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Strategy for Reoperative Free Flaps after Failure of a First Flap

Baumeister, Steffen M.D.; Follmar, Keith E. M.D.; Zenn, Michael R. M.D.; Erdmann, Detlev M.D., Ph.D.; Levin, L Scott M.D.

Plastic and Reconstructive Surgery: September 2008 - Volume 122 - Issue 3 - p 962-971
doi: 10.1097/PRS.0b013e3181811ca0
Special Topic

Background: Free vascularized tissue transfer is generally associated with high success rates, but failures do occur. After a flap failure, the decision is often made to perform a second, reoperative free flap.

Methods: A retrospective review of all microsurgical free tissue transfers performed at the authors’ institution identified 13 patients who underwent a second, reoperative free flap after a failed primary flap. The records of these patients were reviewed, with particular emphasis on identifying changes in treatment strategy between the initially failed and the reoperative free flap.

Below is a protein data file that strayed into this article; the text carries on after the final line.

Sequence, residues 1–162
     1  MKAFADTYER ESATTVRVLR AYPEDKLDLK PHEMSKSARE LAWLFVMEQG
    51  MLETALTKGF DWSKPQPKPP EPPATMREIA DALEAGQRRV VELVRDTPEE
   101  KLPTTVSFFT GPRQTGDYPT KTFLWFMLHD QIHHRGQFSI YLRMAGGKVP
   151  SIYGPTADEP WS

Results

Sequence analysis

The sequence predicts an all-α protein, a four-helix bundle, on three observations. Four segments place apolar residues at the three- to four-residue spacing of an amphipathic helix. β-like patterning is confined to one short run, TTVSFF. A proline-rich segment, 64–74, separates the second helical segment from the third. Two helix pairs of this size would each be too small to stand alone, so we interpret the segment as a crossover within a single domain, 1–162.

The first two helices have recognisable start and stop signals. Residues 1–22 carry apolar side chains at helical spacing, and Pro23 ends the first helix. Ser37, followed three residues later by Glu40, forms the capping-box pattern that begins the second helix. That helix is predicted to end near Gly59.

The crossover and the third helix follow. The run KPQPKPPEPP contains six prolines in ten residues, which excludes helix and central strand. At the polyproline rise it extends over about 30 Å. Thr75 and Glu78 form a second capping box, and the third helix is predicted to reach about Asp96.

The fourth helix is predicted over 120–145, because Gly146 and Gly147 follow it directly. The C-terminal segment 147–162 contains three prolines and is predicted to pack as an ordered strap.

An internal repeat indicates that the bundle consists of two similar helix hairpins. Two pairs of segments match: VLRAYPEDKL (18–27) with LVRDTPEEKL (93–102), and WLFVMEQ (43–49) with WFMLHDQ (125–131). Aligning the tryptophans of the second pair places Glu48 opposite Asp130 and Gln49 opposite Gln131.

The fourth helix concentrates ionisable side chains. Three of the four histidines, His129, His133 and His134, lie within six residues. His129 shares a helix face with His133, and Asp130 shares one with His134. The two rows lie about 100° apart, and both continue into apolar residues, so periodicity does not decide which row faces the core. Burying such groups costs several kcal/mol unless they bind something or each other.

Results: Thirteen patients were identified as having undergone a reoperative free flap. In nine of 13 primary free flaps, at least one likely cause for the failure was identified (69 percent). In the approach to the second free flap, strategy changes were performed in 10 of 13 cases (77 percent); 11 were successful (85 percent). One of the two patients with a failed reoperative free flap underwent a third attempt at free tissue transfer, which also failed.

Conclusions: The authors’ overall approach to the failed free flap includes the following four steps: (1) reconsideration of the need for vascularized free tissue transfer, (2) a sensitive psychosocial approach to the patient and family, (3) analysis of the cause of the first flap failure, and (4) change in microsurgical strategy. Based on the authors’ experience, they consider two previously failed free flaps without an obvious cause to be a contraindication to a third attempt.

Durham, N.C.

From the Division of Plastic, Reconstructive, Maxillofacial, and Oral Surgery, Duke University Medical Center.

Received for publication May 28, 2007; accepted October 1, 2007.

Disclosure:The authors have no financial interest in any of the products or materials referenced in this article.

Detlev Erdmann, M.D., Ph.D., Division of Plastic, Reconstructive, Maxillofacial, and Oral Surgery, Duke University Medical Center, Box 3181, Durham, N.C. 27710, detlev.erdmann@duke.edu

©2008American Society of Plastic Surgeons